Classics  
English    1865 - 1936   
Joseph Rudyard Kipling (30 December 1865 – 18 January 1936) was a British author and poet. Born in Bombay, British India, he is best known for his works of fiction The Jungle Book (1894) (a collection of stories which includes Rikki-Tikki-Tavi), Kim (1901) (a tale of adventure), many short stories, ... Read more
Joseph Rudyard Kipling (30 December 1865 – 18 January 1936) was a British author and poet. Born in Bombay, British India, he is best known for his works of fiction The Jungle Book (1894) (a collection of stories which includes Rikki-Tikki-Tavi), Kim (1901) (a tale of adventure), many short stories, ... Read more

When the Himalayan peasant meets the he-bear in his pride,
He shouts to scare the monster, who will often turn aside.
But the she-bear thus accosted rends the peasant tooth and nail.
For the female of the species is more deadly than the male.

When Nag the basking cobra hears the careless foot of man,
He will sometimes wriggle sideways and avoid it if he can.
But his mate makes no such motion where she camps beside the trail.
For the female of the species is more deadly than the male.

When the early Jesuit fathers preached to Hurons and Choctaws,
They prayed to be delivered from the vengeance of the squaws.
’Twas the women, not the warriors, turned those stark enthusiasts pale.
For the female of the species is more deadly than the male.

Man’s timid heart is bursting with the things he must not say,
For the Woman that God gave him isn’t his to give away;
But when hunter meets with husband, each confirms the other’s tale—
The female of the species is more deadly than the male.

Man, a bear in most relations-worm and savage otherwise,—
Man propounds negotiations, Man accepts the compromise.
Very rarely will he squarely push the logic of a fact
To its ultimate conclusion in unmitigated act.

Fear, or foolishness, impels him, ere he lay the wicked low,
To concede some form of trial even to his fiercest foe.
Mirth obscene diverts his anger—Doubt and Pity oft perplex
Him in dealing with an issue— to the scandal of The Sex!

But the Woman that God gave him, every fibre of her frame
Proves her launched for one sole issue, armed and engined for the same;
And to serve that single issue, lest the generations fail,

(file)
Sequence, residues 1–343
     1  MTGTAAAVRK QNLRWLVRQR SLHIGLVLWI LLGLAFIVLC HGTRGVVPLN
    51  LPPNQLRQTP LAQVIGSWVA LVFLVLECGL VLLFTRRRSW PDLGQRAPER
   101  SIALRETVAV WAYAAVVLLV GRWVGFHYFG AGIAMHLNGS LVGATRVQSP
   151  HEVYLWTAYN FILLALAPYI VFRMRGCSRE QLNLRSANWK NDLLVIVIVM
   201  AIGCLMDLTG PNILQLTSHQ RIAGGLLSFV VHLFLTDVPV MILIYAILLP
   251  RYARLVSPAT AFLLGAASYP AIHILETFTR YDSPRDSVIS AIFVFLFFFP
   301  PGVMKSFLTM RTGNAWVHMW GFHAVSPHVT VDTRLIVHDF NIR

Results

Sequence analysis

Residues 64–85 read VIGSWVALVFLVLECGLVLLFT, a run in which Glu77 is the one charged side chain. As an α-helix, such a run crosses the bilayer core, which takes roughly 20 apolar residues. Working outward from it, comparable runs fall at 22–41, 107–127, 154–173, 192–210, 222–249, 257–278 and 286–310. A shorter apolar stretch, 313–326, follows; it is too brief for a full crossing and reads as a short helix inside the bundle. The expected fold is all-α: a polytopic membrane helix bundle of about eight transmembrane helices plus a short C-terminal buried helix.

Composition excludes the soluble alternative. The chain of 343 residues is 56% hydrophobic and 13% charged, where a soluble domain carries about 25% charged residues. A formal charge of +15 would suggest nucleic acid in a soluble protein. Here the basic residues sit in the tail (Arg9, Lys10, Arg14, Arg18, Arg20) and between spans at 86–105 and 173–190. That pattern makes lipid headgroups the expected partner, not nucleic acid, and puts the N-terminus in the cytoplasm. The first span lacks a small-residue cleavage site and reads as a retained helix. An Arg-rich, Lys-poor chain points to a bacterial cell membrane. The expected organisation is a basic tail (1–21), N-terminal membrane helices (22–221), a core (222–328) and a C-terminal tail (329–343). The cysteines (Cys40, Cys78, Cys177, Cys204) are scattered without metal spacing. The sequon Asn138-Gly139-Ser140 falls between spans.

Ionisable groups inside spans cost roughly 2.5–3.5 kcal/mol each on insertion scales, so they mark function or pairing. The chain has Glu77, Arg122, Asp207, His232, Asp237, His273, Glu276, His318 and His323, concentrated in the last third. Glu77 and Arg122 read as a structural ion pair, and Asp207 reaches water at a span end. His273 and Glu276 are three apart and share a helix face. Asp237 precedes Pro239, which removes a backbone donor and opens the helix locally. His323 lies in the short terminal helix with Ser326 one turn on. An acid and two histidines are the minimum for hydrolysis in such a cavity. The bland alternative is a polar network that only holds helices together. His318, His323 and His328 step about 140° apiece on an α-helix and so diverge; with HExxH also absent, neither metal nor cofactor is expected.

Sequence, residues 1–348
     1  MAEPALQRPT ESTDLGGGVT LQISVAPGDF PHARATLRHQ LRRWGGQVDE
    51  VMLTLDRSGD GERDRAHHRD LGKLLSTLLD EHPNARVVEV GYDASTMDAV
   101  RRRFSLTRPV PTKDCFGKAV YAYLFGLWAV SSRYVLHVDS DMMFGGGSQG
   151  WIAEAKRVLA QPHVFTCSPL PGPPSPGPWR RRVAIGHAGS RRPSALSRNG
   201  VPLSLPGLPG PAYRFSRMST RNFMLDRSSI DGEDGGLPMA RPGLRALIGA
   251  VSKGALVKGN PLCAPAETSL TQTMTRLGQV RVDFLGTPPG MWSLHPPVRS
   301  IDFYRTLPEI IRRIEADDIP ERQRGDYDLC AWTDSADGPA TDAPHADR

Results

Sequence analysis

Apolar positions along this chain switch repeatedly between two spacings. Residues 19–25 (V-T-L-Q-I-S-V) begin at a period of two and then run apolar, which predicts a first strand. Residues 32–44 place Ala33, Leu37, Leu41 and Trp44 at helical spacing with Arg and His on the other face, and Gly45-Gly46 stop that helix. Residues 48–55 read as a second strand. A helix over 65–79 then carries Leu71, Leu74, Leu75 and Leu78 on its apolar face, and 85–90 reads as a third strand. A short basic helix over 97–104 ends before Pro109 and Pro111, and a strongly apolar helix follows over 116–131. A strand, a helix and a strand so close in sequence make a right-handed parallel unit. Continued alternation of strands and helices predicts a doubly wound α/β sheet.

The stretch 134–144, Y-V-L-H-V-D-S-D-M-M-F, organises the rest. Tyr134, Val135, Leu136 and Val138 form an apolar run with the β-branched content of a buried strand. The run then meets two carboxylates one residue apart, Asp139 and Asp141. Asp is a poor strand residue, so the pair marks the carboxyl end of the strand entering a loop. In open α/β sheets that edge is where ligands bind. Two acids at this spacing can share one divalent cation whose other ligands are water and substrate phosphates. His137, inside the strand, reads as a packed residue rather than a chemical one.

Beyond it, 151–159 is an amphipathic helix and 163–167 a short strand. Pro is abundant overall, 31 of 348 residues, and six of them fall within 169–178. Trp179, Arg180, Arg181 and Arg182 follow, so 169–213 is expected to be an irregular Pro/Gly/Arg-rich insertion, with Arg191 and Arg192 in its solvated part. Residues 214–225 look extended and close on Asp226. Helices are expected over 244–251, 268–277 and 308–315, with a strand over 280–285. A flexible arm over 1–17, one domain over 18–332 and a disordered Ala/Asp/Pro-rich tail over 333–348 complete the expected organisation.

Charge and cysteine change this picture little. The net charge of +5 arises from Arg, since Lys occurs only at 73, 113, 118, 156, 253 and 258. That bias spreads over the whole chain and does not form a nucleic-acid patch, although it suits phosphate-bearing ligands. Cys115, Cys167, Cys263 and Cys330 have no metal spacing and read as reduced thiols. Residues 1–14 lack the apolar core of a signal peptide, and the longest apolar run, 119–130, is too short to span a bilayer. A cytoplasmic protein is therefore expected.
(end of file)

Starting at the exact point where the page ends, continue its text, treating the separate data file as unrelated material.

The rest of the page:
The female of the species must be deadlier than the male.

She who faces Death by torture for each life beneath her breast
May not deal in doubt or pity—must not swerve for fact or jest.
These be purely male diversions—not in these her honour dwells.
She the Other Law we live by, is that Law and nothing else.

She can bring no more to living than the powers that make her great
As the Mother of the Infant and the Mistress of the Mate.
And when Babe and Man are lacking and she strides unclaimed to claim
Her right as femme (and baron), her equipment is the same.

She is wedded to convictions—in default of grosser ties;
Her contentions are her children, Heaven help him who denies!—
He will meet no suave discussion, but the instant, white-hot, wild,
Wakened female of the species warring as for spouse and child.

Unprovoked and awful charges— even so the she-bear fights,
Speech that drips, corrodes, and poisons—even so the cobra bites,
Scientific vivisection of one nerve till it is raw
And the victim writhes in anguish—like the Jesuit with the squaw!

So it cames that Man, the coward, when he gathers to confer
With his fellow-braves in council, dare not leave a place for her
Where, at war with Life and Conscience, he uplifts his erring hands
To some God of Abstract Justice—which no woman understands.

And Man knows it! Knows, moreover, that the Woman that God gave him
Must command but may not govern—shall enthral but not enslave him.
And She knows, because She warns him, and Her instincts never fail,
That the Female of Her Species is more deadly than the Male.